Labour leader Jeremy Corbyn today attempted to attack the government's Brexit plans, but it looks as if he missed, hitting EU migrants instead. There's no space for vague language when the security and safety of so many people living in Britain hangs in the balance, argues Wail Qasim.

This afternoon in a speech delivered to Labour party members in Brexit-voting Peterborough, the Labour party leader Jeremy Corby, made a beeline to attack the government’s EU negotiation plans. Unfortunately, his efforts missed and hit EU citizens instead after focussing his comments on the issue of immigration and freedom of movement. There’s no denying these questions played a big role in last summer’s referendum – ignoring them would be foolish. But Corbyn’s approach seems designed to create more questions than it answers, playing fast and loose with his own long-held anti-racist principles.

After Britain voted to leave the European Union last June, politics looked nothing short of peculiar. One harbinger of this shift towards the bizarre was the endless speculation over whether Corbyn himself had voted for Brexit. Supposedly evidenced by lacklustre campaigning and previous animosity towards EU politics, the allegation was that Corbyn had lied and supported the Leave side all along despite his public claims to the contrary.

It was a weird story, probably untrue, and impossible to prove conclusively either way (except for taking Corbyn at his word). But most of all it was a bad distortion of an important and far less conspiratorial question: how would the left-wing leader appeal to the Brexit voting section of his base?

In extracted highlights shared with the press the day before his New Year Brexit speech, Corbyn revealed his approach: it’s one of ‘if you can’t beat them, join them… a bit’.

“Labour is not wedded to freedom of movement for EU citizens as a point of principle,” the Labour leader was set to say. In the final version of his speech – after enough questions had been raised and criticism levied – that was qualified with an “I don’t want that to be misinterpreted”, and clarification that Labour hasn’t entirely ruled out free movement as a party line. Corbyn delivered a speech that toyed with how much ambiguity Labour can get away with. And that’s dangerous.

The climate for EU citizens and migrants generally in the UK today is volatile. Corbyn accepts as much when he says the Tories “inflamed the issue of immigration” and “sow division by scapegoating migrants”. Rightly he links this sort of harmful discourse to very real harmful manifestations in rising hate crime, abuse, and intimidation targeted at minority communities.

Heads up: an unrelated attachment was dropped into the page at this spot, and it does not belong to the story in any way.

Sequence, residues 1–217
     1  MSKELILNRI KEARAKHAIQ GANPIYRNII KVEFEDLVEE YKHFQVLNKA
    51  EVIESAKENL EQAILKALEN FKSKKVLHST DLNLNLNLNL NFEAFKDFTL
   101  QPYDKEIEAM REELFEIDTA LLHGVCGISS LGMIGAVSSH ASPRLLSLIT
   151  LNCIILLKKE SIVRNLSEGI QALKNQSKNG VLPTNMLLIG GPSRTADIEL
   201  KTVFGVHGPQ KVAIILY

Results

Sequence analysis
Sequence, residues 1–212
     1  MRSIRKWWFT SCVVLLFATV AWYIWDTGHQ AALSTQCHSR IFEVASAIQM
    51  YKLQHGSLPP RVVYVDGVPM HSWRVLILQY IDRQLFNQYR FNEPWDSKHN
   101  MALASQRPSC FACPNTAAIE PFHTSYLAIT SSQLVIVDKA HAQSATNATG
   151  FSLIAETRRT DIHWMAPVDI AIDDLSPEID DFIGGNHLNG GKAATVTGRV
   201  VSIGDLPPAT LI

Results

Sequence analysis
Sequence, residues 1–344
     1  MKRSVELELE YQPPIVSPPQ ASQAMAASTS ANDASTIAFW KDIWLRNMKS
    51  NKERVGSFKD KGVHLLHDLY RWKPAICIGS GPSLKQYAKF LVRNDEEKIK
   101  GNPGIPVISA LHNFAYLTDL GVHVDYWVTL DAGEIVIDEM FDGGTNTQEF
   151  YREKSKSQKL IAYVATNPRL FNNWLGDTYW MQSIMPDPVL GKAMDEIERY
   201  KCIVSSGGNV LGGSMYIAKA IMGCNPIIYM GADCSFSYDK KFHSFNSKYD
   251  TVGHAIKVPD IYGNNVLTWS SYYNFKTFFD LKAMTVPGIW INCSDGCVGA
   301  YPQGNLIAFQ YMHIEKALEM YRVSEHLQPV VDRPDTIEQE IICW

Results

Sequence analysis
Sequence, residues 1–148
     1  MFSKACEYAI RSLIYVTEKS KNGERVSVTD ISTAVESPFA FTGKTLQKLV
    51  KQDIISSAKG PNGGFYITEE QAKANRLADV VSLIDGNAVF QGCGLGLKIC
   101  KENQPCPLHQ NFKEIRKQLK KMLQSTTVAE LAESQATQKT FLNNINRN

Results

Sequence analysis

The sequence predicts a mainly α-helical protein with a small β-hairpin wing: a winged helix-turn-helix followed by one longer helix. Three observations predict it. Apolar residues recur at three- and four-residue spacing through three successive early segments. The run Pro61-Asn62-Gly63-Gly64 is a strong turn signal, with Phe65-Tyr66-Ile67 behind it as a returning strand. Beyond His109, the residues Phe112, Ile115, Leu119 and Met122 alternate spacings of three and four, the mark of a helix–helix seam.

In September we learnt that 40-year-old, Arkadiusz Jozwik from Poland, was killed in a hate crime after being attacked by six teenage boys from Harlow. The reality for many EU citizens is not only fear for their job security but their own personal safety too. Corbyn’s ploys to dazzle both anti-migrant and pro-freedom of movement crowds in this context is beyond disappointing.

The Opposition Leader’s office made it clear at the end of 2016 that he would try out a fresh populist style in the New Year. While there is no official word today’s speech marked the beginning of that, we’ve definitely seen Jeremy Corbyn attempting to change gears. But this wasn’t fresh and not even really populist. Gordon Brown and Ed Miliband before Corbyn each attempted their own xenophobia-inflected populism from the centre ground, calling for “British jobs for British workers” and carving “controls on immigration” into a massive stone tablet of policies respectively.

Neither was successful, not least because in their moments of expressing popular sentiment they were so out of touch they could only repeat a cheap parody of the bigotry the British working class is expected to relish in.

Corbyn on the other hand is betrayed not by mishearing the racism he wants to parrot, but seeming too weak willed to say what wants and needs to say.

“When it comes to border controls, we are proud to say we will meet our international obligations to refugees fleeing wars and persecution.”

“To those EU citizens who are already here, we will guarantee your rights.”

“And we continue to welcome international students who come to study in this country.”

Meeting obligations, rights for those already through the door and welcoming international students are hardly the bravest of policies around immigration. Of course in the face of Theresa May’s regime these basics are important to defend, but during the big comeback speech? They sound like what they are – mild mannered and tepid in the tradition of Labour’s last decade of not saying very much and hoping to get away with it.

It seems that Corbyn isn’t ready yet to speak truthfully to the British public and say unequivocally: none of your problems are caused by immigration, EU or otherwise. That the referendum gave a clear indication of public concern about unregulated movement from the EU is true, but with his record on anti-racism and popular support, Jeremy Corbyn was well placed to lead through a national conversation to dispel the myths perpetuating this harsh sentiment against foreigners. In this moment of national health crisis, why not take the opportunity to specifically thank the migrant workers throughout our NHS keeping it alive? That would have been courageous, populist and true.

I’m sure Corbyn wants as he says to end exploitation for all workers, British or otherwise. To do that he would do well to find a route through the muddied waters of anti-immigration and xenophobia, taking the whole country with him. An atmosphere of hate towards foreigners in the UK stands in the balance – care and clarity in the anti-racist principles Corbyn once embodied will be crucial.

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